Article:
IF some one denounces a butcher or grocer for giving short weight, the denunciation implies the existence of a system of weights and measures. If some one condemns the conduct of a neighbor, the condemnation implies the acceptance of an ethical standard which the neighbor is alleged to have violated. And if it is asserted that something is wrong with marriage, there is equally implied a standard of judgment, a criterium of what, with marriage, would be right.

What then is the standard whereby marriage is to be measured? Keyserling writes as if it were character development; Hamilton plans his research as if it were primarily “sexual-reactive value”; the sociologists turn out their textbooks in the seeming conviction that marriage is to be measured by its contribution to social welfare. Is there then no standard of excellence intrinsic to marriage itself? The present essay purposes to explore the ground in search of such a standard.

Since the book has such a purpose, there are a number of things it cannot be. It cannot be a sex book, like some recent productions, with hymns to contraception and a sexological interpretation of history, for marriage involves more than sex. Neither can it range, like other discussions of contemporary morals, through all fields of ethical interest; it must be confined to the problem of marriage. It cannot be a survey of marriage in America, [p.viii] such as resulted from Judge Lindsey’s long observation of the behavior of the youth of Denver, or from Dr. G. V. Hamilton’s scientific study of the lives of two hundred New Yorkers, or from the interesting study of “Middletown” made by the Lynds. The marriage phenomenon is more widely distributed in space than Denver, New York, or Middletown, and in time than the twentieth century. Just as the descriptive study of marriage and family life concerns itself with particular times and places, so the normative study searches for truths that will be universally applicable, irrespective of time and place. The descriptive method presents particular facts; the normative method sets up universal standards.

Science is itself both descriptive and normative. Its product is organized knowledge. The organization of knowledge requires not only the collection of facts but also the setting up of classifications and categories. The facts are in the realm of the actual, the classifications in the realm of the ideal. Facts are tested by observation, classifications by logic. If marriage is to be treated as an object of science, these two kinds of exploration must go forward hand in hand. A science of marriage and family life can be expected to develop, as economics, political science, and sociology have already developed, in the interplay of theoretical speculation and statistical research. Research such as Dr. Hamilton’s study of what is wrong with marriage in contemporary America calls, therefore, for a complementary analysis of what is right with marriage in all times and places.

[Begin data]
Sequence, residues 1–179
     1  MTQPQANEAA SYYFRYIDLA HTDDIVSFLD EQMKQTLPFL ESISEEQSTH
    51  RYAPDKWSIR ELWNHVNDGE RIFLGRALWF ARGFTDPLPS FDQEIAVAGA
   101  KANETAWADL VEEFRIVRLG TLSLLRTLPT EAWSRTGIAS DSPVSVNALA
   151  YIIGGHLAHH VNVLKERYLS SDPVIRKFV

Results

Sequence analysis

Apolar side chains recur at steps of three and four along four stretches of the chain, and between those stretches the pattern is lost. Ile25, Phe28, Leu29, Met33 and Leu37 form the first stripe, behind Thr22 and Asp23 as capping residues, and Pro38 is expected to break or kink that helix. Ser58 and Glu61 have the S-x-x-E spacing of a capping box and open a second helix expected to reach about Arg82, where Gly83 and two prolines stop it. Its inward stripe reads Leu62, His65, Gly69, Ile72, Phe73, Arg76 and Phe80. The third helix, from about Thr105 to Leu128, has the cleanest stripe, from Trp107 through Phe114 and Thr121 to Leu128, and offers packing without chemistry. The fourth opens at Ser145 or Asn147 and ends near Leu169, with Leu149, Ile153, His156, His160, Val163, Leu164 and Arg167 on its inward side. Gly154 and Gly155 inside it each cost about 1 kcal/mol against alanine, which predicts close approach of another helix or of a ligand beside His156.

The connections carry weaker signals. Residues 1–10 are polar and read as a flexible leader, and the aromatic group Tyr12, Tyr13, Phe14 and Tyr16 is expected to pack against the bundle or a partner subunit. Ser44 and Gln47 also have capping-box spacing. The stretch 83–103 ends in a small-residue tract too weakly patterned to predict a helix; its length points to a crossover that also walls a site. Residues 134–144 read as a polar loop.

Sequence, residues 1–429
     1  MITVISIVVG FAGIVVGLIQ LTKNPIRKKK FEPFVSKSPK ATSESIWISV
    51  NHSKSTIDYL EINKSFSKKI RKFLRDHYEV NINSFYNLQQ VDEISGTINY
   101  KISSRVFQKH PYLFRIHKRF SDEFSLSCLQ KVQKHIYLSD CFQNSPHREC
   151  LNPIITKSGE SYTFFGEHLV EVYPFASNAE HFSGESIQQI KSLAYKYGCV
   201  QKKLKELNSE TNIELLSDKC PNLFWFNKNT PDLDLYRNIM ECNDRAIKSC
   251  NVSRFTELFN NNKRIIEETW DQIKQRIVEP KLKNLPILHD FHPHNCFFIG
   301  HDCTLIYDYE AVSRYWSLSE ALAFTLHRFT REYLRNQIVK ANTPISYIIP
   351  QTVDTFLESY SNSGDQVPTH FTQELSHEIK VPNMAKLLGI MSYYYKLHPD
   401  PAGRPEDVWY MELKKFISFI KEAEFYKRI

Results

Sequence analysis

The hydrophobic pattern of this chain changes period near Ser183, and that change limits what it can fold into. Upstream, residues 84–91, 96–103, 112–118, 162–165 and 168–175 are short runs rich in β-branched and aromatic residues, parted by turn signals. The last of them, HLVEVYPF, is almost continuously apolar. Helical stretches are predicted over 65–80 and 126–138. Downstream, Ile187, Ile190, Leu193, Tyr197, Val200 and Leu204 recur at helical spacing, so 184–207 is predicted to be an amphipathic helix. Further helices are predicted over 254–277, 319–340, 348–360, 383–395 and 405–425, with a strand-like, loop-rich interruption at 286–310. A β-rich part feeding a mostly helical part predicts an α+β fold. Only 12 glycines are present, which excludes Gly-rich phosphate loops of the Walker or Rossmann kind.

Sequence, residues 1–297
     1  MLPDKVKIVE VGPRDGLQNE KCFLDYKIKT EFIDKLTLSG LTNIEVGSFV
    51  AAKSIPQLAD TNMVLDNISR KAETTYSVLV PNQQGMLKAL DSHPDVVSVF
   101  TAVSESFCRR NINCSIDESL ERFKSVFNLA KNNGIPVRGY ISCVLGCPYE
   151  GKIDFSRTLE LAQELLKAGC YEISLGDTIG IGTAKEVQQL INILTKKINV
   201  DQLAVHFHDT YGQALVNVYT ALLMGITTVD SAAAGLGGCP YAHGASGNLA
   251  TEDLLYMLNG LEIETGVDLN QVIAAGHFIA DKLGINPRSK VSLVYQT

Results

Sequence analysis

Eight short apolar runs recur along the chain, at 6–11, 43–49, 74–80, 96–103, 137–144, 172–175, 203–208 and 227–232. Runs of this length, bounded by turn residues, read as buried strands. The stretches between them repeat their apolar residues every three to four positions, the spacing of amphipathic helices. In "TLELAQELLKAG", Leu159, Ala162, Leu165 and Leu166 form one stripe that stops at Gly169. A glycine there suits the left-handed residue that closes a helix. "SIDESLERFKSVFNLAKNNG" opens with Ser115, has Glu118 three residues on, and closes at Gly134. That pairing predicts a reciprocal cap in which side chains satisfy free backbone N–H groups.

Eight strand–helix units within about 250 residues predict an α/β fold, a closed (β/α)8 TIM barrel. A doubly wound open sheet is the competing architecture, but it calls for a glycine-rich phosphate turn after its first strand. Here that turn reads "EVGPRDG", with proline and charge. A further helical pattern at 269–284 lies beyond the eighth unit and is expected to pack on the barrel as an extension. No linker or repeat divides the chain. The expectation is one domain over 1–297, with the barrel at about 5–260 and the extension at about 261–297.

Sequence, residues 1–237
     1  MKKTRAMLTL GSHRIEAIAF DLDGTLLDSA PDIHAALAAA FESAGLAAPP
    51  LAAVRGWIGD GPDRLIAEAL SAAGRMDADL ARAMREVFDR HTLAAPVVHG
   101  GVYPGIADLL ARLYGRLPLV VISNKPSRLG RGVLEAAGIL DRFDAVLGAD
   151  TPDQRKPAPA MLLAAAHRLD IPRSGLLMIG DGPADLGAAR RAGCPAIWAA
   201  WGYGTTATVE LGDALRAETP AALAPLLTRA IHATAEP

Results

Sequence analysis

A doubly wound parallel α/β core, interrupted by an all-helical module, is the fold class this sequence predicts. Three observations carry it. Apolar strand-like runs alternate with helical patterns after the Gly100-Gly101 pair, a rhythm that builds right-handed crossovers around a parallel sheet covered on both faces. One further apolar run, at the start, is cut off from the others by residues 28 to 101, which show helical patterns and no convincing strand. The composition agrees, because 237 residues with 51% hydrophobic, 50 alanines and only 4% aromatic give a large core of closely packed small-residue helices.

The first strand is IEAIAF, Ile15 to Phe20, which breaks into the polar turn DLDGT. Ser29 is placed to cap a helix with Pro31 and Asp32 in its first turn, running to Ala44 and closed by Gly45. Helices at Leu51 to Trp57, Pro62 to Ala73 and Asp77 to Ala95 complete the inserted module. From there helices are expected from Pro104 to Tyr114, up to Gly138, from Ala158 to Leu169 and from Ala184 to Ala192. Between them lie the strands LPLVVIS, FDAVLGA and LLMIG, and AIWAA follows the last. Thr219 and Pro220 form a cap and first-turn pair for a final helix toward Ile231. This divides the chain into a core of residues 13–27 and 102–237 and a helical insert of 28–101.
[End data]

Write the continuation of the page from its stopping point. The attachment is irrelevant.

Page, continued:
Is it not strange that among all the multitude of sciences and academic disciplines which have set themselves up in independent state, there is none which constitutes a [p.ix] science or theory of the family? It has happened, quite by accident, that the study of family relations has been regarded as a province of sociology. Books on the family are classified as sociology, and the sociological point of view has dominated the academic discussion of family life. Our best organized thought upon domestic relations proceeds from purely sociological postulates and imputes to marriage and home primarily sociological standards of excellence – to perpetuate the race, to transmit the social heritage. But the point of view and the method of sociology may after all, be ill adapted to the investigation of the essentials of family life. Doubtless if family studies had happened to grow up as appendages to economics or political theory, the methods and presuppositions of these disciplines would have been equally inadequate. May it not then be useful to experiment with sketching the outlines of a theory of the family which shall build itself up immediately from the facts and purposes that appear in marriage and home, without making use of the preconception that there are “social institutions”? Such efforts as this may lead ultimately to the creation of a new academic discipline which shall furnish more adequate cadres for the organization of thought upon this most pressing and intimate problem of human life.

Acknowledgments are due to many friends whose thought has been lavishly lent to this work. Among them are to be mentioned Mervyn Crobaugh, Frederic Anderson, Malcolm McComb, Cecil Pearson and Joan Wilson Pearson, Kenneth Robertson and Sidney Hawkins Robertson, Conrad P. Wright, Dr. Esther Caukin, and Professor John Morris of New York University. Miss [p.x] Katherine Beswick and Edwin R. Clapp have been especially patient in reading and criticizing the manuscript. The underlying thought out of which the book grew we owe to the stimulating intellectual companionship of Professor Robert T. Crane of the University of Michigan.

R. C. B.
F. W. B.